Five long decades after Death Race 2000 (1975), in the overpopulated United Corporations of America, the annual Death Race is about to begin. This time, Frankenstein is up against no-nonsense challengers. How many points will he score?
Convicted cop-killer Carl Lucas, aka Frankenstein, is a superstar driver in the brutal prison yard demolition derby known as Death Race. Only one victory away from winning freedom for himself and his pit crew.
Tanit Phoenix Copley,
Ex-con Jensen Ames is forced by the warden of a notorious prison to compete in our post-industrial world's most popular sport: a car race in which inmates must brutalize and kill one another on the road to victory.
An unscrupulous District Attorney is savagely murdered and tossed out of a building onto his brand new car. Mysteriously, the District Attorney and his car come back to life as a single being with a thirst for vengeance.
A homeless war-veteran with a chequered past must rely on a side of himself once thought buried when he and his companions are targeted by three vicious psychopaths wearing Santa suits on Christmas Day.
In the year 2050 the planet has become overpopulated, to help control population the government develops a "Death Race." Annually competitors race across the country scoring points for killing people with their vehicles.
Being a B movie fan, it should come as no surprise that I enjoyed the 1975 Roger Corman production "Death Race 2000". As for the first remake of that movie - the 2008 "Death Race" starring Jason Statham - well, not very much, namely because it took the title of the original movie and not that much else. But when I heard this second remake was out and that it was going to be more faithful to the original movie, I decided to give it a whirl in my Blu-ray player.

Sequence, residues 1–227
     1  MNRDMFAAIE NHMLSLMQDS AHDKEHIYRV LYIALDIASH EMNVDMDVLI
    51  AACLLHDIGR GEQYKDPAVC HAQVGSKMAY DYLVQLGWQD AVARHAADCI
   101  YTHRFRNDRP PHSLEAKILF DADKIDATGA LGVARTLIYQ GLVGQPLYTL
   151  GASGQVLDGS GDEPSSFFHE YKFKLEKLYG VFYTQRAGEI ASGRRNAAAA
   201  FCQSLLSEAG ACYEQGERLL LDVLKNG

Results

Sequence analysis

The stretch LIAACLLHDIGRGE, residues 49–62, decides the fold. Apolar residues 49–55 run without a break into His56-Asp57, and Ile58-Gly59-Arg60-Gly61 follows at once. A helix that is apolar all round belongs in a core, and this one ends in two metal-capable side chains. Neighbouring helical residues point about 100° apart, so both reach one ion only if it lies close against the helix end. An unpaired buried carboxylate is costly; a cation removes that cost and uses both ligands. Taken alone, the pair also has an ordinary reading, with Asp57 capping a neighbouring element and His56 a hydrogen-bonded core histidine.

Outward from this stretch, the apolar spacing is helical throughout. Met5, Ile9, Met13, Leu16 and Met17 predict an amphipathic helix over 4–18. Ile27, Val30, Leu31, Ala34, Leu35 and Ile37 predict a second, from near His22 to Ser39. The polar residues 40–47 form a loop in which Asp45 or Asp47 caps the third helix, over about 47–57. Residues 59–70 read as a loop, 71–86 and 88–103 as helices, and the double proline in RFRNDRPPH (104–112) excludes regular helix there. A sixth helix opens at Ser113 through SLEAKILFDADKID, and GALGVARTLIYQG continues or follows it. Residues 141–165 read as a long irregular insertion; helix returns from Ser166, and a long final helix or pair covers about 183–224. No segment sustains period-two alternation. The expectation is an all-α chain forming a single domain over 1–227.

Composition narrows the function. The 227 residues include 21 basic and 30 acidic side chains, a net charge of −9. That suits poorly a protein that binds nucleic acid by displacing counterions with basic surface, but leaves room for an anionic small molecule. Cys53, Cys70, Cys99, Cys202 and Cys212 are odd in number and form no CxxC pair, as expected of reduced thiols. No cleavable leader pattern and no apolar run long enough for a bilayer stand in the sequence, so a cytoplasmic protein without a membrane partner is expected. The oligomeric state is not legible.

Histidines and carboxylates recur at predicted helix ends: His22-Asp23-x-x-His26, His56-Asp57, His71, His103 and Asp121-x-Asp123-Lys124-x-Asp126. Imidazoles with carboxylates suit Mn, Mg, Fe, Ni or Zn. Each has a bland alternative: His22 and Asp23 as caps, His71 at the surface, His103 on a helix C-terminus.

It did not take long into watching the movie to realize that the filmmakers had seriously botched things. There are many problems with this movie, ranging from the cheesy special effects to the racing sequences being very poorly directed and edited. But the biggest misstep the movie makes is that it is *extremely* strident in tone. It crams in so many attempts at heavy-handed humor that you'll be wanting some dramatic relief from the comedy.
Actually, had the humor been actually funny, that might not have been a problem. But I counted only three gags that made me smile slightly. The rest of the humor is extremely unsubtle with its writing and execution.
The cast shows signs of talent, but apparently because of director G. J. Echternkamp's command to endlessly mug and shout their dialogue, all the actors come across as thoroughly obnoxious. Not one character in the movie comes across even remotely sympathetic.
The best that can be said of this movie is that it makes the Jason Statham movie look much better in comparison. Needless to say, it makes the 1975 original come across as deserving of multiple Academy Awards.
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